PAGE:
China’s President Xi Jinping and his comrades have been weathering a political storm, with the growing pro-democracy protests in Hong Kong adding to pressure on a regime already locked in a damaging trade war with the United States, The Washington Post reports.
“Xi Jinping and the rest of the Chinese leadership are under siege,” said Elizabeth Economy, a China expert at the Council on Foreign Relations.
“The Chinese economy is slowing significantly, exacerbated by the trade war; and the ‘China model’ is cracking under the weight of Xinjiang, Taiwan, Belt and Road messes and, most significantly, the massive protests in Hong Kong,” she said, referring to China’s efforts at control and influence within its borders and beyond. (Will China’s Next Crisis Be in Tibet? James Flynn asks in The American Interest).
Beijing is conducting information warfare against Hong Kong’s democracy movement, reports suggest.
China has long curated the content that it allows its citizens to see and read. Its new campaign has echoes of tactics used by other countries, principally Russia, to inundate domestic and international audiences with bursts of information, propaganda and, in some cases, outright disinformation, according to The New York Times.
“Propagandists observe each other across borders, and they learn from each other,” said Peter Pomerantsev, the author of “This is Not Propaganda,” a new book that describes how authoritarian governments have weaponized social media that were once hailed as harbingers for democratic ideals.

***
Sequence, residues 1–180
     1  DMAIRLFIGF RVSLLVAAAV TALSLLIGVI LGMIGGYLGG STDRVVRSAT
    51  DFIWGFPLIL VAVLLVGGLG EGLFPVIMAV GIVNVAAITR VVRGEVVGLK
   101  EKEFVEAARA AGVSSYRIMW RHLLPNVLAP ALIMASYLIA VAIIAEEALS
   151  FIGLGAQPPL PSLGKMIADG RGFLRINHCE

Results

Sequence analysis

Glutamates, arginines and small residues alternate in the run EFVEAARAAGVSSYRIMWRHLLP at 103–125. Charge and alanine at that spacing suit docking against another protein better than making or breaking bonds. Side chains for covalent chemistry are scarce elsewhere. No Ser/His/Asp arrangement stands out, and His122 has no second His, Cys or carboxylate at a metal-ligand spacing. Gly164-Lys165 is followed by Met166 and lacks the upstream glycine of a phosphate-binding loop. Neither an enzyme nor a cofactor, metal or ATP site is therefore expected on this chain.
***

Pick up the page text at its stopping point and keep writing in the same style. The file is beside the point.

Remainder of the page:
There is no sign of protests spilling over into the mainland, but these are concerns that Xi knows he needs to address, said Yu Jie, senior research fellow on China at Chatham House in London.
At the most recent Politburo meeting, Xi listed three domestic priorities: stabilizing employment, boosting household consumption and mitigating major risks, he told The Post.
“As the People’s Republic’s 70th birthday approaches, the world’s largest political party must tell a convincing story that its policies will work for everyone in China,” Yu said. “That story is not about a victorious conclusion for President Xi in dealing with external pressures but rather a story that continues to legitimize the party’s rule by providing jobs and domestic social stability.”
To inoculate itself, Beijing has turned to a raft of disinformation tactics to stir up nationalist support at home, creating a very different narrative of what is happening in Hong Kong by levying its control over the flow of information, NPR adds.
“The [protest] movement is so complicated, unpredictable and unprecedented, with a very diverse group of participants,” says Fang Kecheng, a communications professor at Chinese University of Hong Kong (CUHK).
“But what we see within the Great Firewall of China is actually simplified and distorted,” he says. “That is because nationalistic content is politically safe and highly popular among the Chinese public and internet users.”
U.S. disengagement from Asia is worrying observers and diplomats, The New York Times reports.